While 7 Republican Senators joined 50 of their Democratic colleagues in pronouncing a verdict of guilty, the remaining 43 GOP solons voted to acquit, thus depriving the trial of the two-thirds required for conviction.

It was another act of cowardice.

And then, the former Senate majority leader, Mitch McConnel, after having voted for acquittal, delivered a scathing speech that contradicted his vote.

McConnel confirmed that Trump was accountable for the crime and could yet face charges for it.

It was classic double-talk.

How many leaders in history can be as cowardly as Trump and his Republican enablers? In the annals of the United States, President Herbert Hoover was blamed for the Great Depression, mainly because of his flawed economic policies.

To quote an online account: “President Hoover has gone down in history as a totally uncaring chief executive who, while he presided over economic disaster, cared little about his fellow citizens, accepted the Great Depression as inevitable and something to simply be endured regardless of the level of suffering it caused, and who refused to do absolutely anything to alleviate the incredible suffering all around him for three and one-half long years.”

Donald Trump is far worse than Hoover.

Trump’s earlier accountability was for mishandling the coronavirus pandemic, a tragedy much greater than the Great Depression. That mishandling resulted in the loss of more American lives than the combined casualties of the wars that the US has fought – that, plus the severe economic dislocation that followed and which millions continue to suffer up to now.

And yet, as bad as those are, the storming of the Capitol and the near-massacre of America’s leaders would have been a disaster of unmatched proportions. The thought of it should be enough to cause nightmares among anyone with a sense of decency.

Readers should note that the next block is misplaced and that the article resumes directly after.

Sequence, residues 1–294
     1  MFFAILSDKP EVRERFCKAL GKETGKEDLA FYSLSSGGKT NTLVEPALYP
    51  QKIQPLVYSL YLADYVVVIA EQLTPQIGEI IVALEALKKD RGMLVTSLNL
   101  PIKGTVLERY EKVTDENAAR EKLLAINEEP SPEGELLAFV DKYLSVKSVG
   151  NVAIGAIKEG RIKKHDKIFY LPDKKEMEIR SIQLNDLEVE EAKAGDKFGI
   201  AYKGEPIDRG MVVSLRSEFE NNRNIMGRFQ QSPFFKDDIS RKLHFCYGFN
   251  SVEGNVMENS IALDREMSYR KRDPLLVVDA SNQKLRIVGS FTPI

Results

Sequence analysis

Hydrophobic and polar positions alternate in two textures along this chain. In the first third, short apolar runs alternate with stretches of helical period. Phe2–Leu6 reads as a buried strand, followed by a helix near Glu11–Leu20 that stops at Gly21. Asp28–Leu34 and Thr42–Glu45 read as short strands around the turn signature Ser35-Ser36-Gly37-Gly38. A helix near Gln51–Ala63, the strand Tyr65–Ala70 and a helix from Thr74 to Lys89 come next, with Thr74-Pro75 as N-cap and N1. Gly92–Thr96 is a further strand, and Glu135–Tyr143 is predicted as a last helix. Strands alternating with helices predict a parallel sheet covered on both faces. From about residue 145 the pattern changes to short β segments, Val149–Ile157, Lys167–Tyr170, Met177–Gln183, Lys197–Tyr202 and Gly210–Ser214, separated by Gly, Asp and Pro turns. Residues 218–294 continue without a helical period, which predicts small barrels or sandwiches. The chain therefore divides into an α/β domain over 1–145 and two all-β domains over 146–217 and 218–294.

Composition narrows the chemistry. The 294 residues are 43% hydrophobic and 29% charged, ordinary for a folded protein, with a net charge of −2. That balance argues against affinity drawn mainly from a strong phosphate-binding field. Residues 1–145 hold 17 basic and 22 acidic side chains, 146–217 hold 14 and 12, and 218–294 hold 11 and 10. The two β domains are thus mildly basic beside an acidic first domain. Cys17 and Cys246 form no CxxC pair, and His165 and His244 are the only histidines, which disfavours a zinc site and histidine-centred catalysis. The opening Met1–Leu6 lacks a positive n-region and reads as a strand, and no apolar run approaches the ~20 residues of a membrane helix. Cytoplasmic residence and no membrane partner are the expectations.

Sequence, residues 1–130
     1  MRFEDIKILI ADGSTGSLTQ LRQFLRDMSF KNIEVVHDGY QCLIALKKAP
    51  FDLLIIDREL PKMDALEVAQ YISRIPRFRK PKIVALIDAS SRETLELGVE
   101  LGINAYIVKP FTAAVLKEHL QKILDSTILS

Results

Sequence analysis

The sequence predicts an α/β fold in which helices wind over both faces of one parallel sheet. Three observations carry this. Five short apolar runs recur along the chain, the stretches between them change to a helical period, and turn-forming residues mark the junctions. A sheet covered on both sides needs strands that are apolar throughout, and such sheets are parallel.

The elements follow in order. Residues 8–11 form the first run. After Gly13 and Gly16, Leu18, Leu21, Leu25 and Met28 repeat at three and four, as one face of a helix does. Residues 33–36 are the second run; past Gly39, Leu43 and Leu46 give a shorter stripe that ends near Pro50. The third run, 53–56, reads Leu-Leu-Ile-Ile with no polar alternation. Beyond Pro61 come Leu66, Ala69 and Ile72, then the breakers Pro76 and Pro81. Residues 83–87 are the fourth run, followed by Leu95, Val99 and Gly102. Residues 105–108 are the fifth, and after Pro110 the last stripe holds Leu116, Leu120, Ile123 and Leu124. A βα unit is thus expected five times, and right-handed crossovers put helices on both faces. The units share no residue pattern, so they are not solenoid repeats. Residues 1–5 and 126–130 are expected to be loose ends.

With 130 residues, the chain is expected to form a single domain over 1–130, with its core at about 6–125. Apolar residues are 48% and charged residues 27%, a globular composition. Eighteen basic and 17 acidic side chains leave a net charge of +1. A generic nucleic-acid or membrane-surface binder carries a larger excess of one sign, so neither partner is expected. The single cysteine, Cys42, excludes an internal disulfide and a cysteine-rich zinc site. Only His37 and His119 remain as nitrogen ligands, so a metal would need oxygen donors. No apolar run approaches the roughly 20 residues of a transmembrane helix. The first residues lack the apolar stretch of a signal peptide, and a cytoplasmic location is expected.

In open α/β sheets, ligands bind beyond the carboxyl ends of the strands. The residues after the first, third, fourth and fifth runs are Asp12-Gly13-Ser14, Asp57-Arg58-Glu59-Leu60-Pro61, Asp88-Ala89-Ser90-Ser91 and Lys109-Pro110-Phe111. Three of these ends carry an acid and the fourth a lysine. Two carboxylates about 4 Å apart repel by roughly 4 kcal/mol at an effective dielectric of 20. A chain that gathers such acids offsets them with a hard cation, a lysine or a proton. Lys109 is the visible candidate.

But not Trump. Donald Ducked.

It was disgusting enough that Trump  refused to accept any responsibility for mishandling the government’s response to the pandemic (although he generously praised himself for the development of the COVID-19 vaccine).

The past few days, as the world watched the Senate impeachment trial and heard the damning recounting of the horrific January 6 insurrection,Trump denied any responsibility and heaped all the blame on his followers.

And last February 13 the world watched (conceivably with dismay and contempt) as the Senate once more failed to muster the two-thirds vote needed to convict Trump and had to grudgingly declare him not guilty – making him the only President in history to be impeached twice and acquitted twice.

Indeed, for America, it was another Day of Infamy.

DONALD DUCKED – and left his fanatical followers to suffer the consequences.

The majority of Republican Senators also DUCKED with Trump. And worst of all, their leader, Sen. Mitch McConell,  DUCKED and then PASSED THE BUCK.

For sure, the white supremacists, the armed militants, the Proud Boys and the deranged believers of QAnon who participated in the insurrection should be held accountable.

Of course, a few have come to their senses and have expressed disappointment in their “leader” – but it seems that the majority of the insurrectionists continue to be deluded, vowing to continue the “struggle.”

Thus, if Donald DUCKED, what does that make of the fools who continue to believe in Trump and those who voted to acquit?

UGLY DUCKLINGS?

(gregmacabenta@hotmail.com)